- Who doesn't like beer?
- Monty Python is funny.
- Everyone has done Object Oriented programming.
- We all went to college.
- Each of us can grow a beard.
- Video games are awesome.
- Everyone can see and hear.
- We all grew up watching Saturday morning cartoons.
Each of these shared references draws together most of the developer audience and promotes a feeling of belonging. And each of them further isolates people who don't fit these assumptions.
I've been guilty of this. Writing presentations or posts, I look for domains familiar to my audience, and choose role playing. This emphasizes the programmer == geek stereotype, and the people who don't know what it means to "level up" feel stupid and out of place.
When a reference appeals to the majority then people who don't get it feel isolated. No one asks, "What does that mean?" when 80% of the audience reacts with knowing laughter.
Let's build community on what every one of us shares.
- We want to learn from each other.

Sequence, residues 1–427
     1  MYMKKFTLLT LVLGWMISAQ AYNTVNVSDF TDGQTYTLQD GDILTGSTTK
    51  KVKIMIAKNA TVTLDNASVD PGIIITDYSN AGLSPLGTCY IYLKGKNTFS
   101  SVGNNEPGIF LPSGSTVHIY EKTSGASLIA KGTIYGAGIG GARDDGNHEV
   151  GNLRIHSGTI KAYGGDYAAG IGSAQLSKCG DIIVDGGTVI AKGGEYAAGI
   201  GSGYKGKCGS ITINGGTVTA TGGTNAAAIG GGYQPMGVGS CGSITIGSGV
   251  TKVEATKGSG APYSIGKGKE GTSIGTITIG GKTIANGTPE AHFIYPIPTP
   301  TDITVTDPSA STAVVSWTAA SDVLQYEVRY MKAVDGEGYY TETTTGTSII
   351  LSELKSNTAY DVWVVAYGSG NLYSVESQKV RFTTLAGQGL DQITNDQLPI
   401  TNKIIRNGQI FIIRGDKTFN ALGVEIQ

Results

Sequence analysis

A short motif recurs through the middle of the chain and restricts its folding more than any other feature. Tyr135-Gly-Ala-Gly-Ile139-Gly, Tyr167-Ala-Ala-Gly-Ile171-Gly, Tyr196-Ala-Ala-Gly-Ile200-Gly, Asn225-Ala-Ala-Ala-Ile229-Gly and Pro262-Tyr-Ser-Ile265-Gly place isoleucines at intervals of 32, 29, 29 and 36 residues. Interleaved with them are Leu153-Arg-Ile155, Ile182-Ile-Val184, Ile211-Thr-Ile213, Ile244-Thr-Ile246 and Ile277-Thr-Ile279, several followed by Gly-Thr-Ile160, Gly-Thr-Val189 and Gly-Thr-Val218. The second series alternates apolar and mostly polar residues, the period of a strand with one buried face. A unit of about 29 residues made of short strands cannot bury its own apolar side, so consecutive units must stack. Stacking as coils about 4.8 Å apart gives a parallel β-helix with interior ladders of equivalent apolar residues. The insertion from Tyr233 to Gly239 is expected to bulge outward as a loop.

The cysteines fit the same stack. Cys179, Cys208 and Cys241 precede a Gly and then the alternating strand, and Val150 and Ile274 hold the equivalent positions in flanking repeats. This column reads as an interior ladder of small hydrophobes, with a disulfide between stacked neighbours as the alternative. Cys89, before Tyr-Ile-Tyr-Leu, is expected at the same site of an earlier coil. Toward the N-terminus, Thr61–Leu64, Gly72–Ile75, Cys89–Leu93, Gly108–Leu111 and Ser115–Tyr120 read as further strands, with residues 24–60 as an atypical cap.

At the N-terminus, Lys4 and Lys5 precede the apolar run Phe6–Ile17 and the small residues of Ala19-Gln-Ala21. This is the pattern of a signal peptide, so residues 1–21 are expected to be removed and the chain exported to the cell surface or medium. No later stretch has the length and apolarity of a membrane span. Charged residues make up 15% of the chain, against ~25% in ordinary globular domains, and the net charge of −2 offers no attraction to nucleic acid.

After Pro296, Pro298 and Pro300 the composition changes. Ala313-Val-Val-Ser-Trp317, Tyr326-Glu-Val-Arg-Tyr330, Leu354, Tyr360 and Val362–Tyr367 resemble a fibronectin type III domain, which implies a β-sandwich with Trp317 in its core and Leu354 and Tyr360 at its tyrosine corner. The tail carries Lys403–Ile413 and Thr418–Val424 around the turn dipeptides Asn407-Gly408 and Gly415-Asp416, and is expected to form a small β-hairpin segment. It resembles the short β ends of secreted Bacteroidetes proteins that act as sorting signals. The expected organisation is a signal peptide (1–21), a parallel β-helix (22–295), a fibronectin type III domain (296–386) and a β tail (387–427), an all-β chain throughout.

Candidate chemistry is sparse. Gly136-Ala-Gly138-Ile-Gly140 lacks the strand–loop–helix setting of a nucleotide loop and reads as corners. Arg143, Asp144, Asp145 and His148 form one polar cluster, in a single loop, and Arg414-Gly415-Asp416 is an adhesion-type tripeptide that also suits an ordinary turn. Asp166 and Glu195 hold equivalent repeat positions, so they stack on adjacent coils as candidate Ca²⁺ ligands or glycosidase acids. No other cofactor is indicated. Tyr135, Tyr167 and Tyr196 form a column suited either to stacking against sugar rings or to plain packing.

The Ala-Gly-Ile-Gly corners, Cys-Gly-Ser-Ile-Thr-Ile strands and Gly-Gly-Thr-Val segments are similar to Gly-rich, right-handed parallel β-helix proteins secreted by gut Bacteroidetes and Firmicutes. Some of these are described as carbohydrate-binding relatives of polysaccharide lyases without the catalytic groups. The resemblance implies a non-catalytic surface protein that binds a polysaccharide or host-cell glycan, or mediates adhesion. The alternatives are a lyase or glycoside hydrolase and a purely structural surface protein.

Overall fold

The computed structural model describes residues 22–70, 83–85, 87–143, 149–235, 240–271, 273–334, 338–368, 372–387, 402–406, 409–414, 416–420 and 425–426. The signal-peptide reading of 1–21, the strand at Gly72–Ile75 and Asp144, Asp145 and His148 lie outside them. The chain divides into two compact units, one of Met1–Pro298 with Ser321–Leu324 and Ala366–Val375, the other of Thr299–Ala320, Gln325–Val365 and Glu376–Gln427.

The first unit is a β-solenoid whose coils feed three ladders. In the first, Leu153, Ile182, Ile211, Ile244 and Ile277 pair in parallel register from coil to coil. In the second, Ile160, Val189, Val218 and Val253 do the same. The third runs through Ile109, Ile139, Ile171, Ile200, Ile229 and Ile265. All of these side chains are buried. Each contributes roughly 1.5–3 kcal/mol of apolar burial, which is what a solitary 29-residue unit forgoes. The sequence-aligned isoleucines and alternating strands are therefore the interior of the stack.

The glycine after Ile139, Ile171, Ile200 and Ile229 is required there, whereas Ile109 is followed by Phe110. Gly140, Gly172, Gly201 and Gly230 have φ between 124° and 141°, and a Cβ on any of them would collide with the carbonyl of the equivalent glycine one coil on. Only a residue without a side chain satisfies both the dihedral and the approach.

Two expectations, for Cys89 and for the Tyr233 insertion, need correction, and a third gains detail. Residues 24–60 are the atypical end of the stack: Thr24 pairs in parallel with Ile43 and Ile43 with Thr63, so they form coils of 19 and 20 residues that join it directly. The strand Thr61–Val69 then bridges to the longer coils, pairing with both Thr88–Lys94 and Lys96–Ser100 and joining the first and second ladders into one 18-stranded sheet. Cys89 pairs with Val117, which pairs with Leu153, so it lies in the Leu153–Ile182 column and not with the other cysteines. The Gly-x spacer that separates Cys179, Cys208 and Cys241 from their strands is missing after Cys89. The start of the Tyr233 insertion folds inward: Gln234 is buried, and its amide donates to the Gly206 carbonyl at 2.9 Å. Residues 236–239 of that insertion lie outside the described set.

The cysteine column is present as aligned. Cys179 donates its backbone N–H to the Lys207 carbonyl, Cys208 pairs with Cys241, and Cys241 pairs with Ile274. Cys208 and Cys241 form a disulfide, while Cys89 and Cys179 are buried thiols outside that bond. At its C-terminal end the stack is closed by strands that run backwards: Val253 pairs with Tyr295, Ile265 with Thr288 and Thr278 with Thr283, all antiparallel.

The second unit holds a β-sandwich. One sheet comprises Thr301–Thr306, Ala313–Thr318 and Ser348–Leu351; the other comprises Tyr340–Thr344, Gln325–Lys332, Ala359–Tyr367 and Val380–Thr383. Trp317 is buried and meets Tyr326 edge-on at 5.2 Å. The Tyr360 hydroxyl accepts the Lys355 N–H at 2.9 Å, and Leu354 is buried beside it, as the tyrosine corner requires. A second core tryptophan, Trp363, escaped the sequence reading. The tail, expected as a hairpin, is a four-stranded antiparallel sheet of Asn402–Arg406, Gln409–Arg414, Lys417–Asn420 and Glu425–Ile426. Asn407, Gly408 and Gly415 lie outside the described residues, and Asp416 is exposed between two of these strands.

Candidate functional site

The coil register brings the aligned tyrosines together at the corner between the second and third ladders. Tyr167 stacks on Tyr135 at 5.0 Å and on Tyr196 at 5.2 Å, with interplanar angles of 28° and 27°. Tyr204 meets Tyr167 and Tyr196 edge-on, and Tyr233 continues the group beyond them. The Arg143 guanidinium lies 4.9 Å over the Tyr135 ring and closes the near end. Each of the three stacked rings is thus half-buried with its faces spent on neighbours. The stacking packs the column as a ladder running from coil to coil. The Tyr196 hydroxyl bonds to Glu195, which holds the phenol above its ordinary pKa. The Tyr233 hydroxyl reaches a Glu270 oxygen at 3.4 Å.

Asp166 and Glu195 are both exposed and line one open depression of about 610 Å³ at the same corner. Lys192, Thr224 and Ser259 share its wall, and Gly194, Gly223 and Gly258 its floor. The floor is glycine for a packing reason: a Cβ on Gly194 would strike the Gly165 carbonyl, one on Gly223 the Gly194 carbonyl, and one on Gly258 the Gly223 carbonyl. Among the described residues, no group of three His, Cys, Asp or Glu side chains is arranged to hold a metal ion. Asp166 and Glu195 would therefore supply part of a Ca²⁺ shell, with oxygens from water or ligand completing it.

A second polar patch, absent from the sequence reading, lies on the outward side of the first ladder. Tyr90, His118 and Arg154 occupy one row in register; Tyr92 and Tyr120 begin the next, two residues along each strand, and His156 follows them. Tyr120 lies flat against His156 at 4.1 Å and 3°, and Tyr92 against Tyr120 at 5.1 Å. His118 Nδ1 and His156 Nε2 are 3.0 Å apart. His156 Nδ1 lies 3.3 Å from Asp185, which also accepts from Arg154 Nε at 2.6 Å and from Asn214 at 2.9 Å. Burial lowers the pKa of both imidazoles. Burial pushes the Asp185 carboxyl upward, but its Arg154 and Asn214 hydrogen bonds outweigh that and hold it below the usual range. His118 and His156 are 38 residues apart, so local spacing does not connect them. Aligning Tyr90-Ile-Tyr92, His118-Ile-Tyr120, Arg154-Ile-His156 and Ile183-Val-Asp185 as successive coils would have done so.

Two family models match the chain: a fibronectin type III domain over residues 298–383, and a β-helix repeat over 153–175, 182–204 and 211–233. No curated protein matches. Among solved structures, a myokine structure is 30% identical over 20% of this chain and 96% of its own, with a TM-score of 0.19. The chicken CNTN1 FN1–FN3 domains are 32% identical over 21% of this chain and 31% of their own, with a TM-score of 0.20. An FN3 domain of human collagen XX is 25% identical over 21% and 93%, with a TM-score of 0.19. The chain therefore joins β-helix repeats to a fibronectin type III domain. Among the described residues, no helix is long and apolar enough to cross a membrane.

- Each of us wants to help build better software.
If you don't want to learn or build good software then don't read this blog. From now on, I aim to make only these assumptions about the people on my team, in my user groups, and at each conference.
Dick jokes? Funny, yes. Offensive, no. It isn't about offensive/not offensive anymore. It's about welcoming/isolating. When a particular joke applies to 80% of the audience differently than to the other 20%, that joke is isolating. That builds homogeneity. I want everyone to feel welcome, I want diverse ideas and contributions. I'm aiming for inclusion.
These are my action items:
- Consider my target audience as the attendee mix I hope to see someday. Men and women and transgendered, Asian and African and European, 20s and 40s and 60s. People who like sports, and cooking, and quilting.
- Give context to my references. The next time I mention the Prime Directive of Programming, I'll talk about how Captain Picard in Star Trek: The Next Generation follows the Prime Directive of "do no harm."
- Have hallway and table conversations about a diverse range of topics, that any random person might be able to jump in on. I'll keep the stuff that freaks some people out for parties and private.